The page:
The survey also highlighted the lack of adequate safety measures or conditions to control farmworkers’ risk of contracting and spreading COVID-19, especially in the workplace. Despite being well-informed about COVID-19 and doing their best to control conditions at home, workers reported that employer demands made it difficult to practice social distancing and other safety measures while at work.

Farmworkers also faced many barriers to testing and quarantining due to crowded living quarters and fear of losing income and work.

The estimated 174,000 farmworkers in Oregon have seen disproportionate infection rates, the report says. Latinx farmworkers have accounted for approximately 24.2 percent of COVID-19 cases in Oregon, despite representing only 13 percent of the population. And the Oregon Health Authority has regularly reported agricultural worksites and food packing facilities with higher rates of infection and places more vulnerable to spread of the virus.

The group of 11 organizations offered 14 policy recommendations to help farmworkers and their families.The list also aims to address the longstanding disparities that existed long before the pandemic and were exacerbated as it progressed.

The recommendations include initiatives like culturally informed mental health support, financial help for child care, income support available to workers in the country legally or illegally, stronger safety regulations in workplaces and more communication about vaccines and testing in Indigenous languages.

“We exchanged ideas with Secretary Walsh on reforming immigration policy to bring relief to the undocumented farmworker population and others, improving working conditions, extending COVID-19 worker safety rules and establishing permanent smoke and heat regulations for farmworkers, expanding overtime pay for farmworkers, providing information and access to services for farmworkers in the 26 Indigenous Mesoamerican languages they speak in Oregon, and working to build stronger protections for workers,” Stephen said. “The ability to share our study results at such a high level was inspiring, and I look forward to continued exchanges with Secretary Walsh.”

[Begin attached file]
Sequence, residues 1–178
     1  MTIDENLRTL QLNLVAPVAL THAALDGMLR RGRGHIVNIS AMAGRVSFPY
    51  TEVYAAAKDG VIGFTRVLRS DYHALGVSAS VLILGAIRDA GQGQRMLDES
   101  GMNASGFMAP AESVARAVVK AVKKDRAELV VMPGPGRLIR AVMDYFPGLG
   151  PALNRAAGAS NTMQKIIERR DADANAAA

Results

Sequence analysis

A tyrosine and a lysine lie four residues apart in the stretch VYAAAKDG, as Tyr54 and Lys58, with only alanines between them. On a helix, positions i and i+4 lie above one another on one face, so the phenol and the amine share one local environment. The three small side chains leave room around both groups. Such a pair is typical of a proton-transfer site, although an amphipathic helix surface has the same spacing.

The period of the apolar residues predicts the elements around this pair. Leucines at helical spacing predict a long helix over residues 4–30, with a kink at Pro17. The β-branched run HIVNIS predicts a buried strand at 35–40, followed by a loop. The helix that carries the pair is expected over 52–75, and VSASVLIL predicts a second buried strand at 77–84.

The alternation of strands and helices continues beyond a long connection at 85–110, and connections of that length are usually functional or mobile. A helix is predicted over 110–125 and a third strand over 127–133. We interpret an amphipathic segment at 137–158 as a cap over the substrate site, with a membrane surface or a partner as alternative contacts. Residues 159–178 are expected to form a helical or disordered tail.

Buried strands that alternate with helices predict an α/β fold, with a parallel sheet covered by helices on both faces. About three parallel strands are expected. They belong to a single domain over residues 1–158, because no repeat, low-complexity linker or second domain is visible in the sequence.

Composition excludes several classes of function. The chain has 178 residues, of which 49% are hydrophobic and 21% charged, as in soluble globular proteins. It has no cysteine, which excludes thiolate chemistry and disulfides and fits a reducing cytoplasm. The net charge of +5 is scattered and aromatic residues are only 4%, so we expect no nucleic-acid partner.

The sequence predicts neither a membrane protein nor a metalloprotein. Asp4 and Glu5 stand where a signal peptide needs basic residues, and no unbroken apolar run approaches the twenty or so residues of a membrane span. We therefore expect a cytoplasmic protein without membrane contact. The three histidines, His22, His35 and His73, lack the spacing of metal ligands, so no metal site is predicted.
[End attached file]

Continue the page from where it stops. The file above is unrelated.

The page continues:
In another related study, a UO sociology doctoral candidate conducted similar research in rural Washington, looking into the experience of immigrant and refugee food processing workers during the pandemic. Lola Loustaunau conducted 40 in-depth interviews with workers in Eastern Washington, which has many food processing facilities and cases of COVID-19, and analyzed news from agencies and the media to examine the issue.

Loustaunau found that the workers also faced a myriad of challenges introduced or exacerbated by the pandemic. Their working conditions made it difficult to practice physical distancing and they had limited access to personal protective equipment and other safety measures.

They also faced language barriers to information about benefits and assistance and felt pressured to continue working, even if they had symptoms or had a sick family member at home. And, like farmworkers in Oregon, they have not had access to affordable mental health care to help them cope with the added stress and mental toll of the pandemic.

—By Emily Halnon, University Communications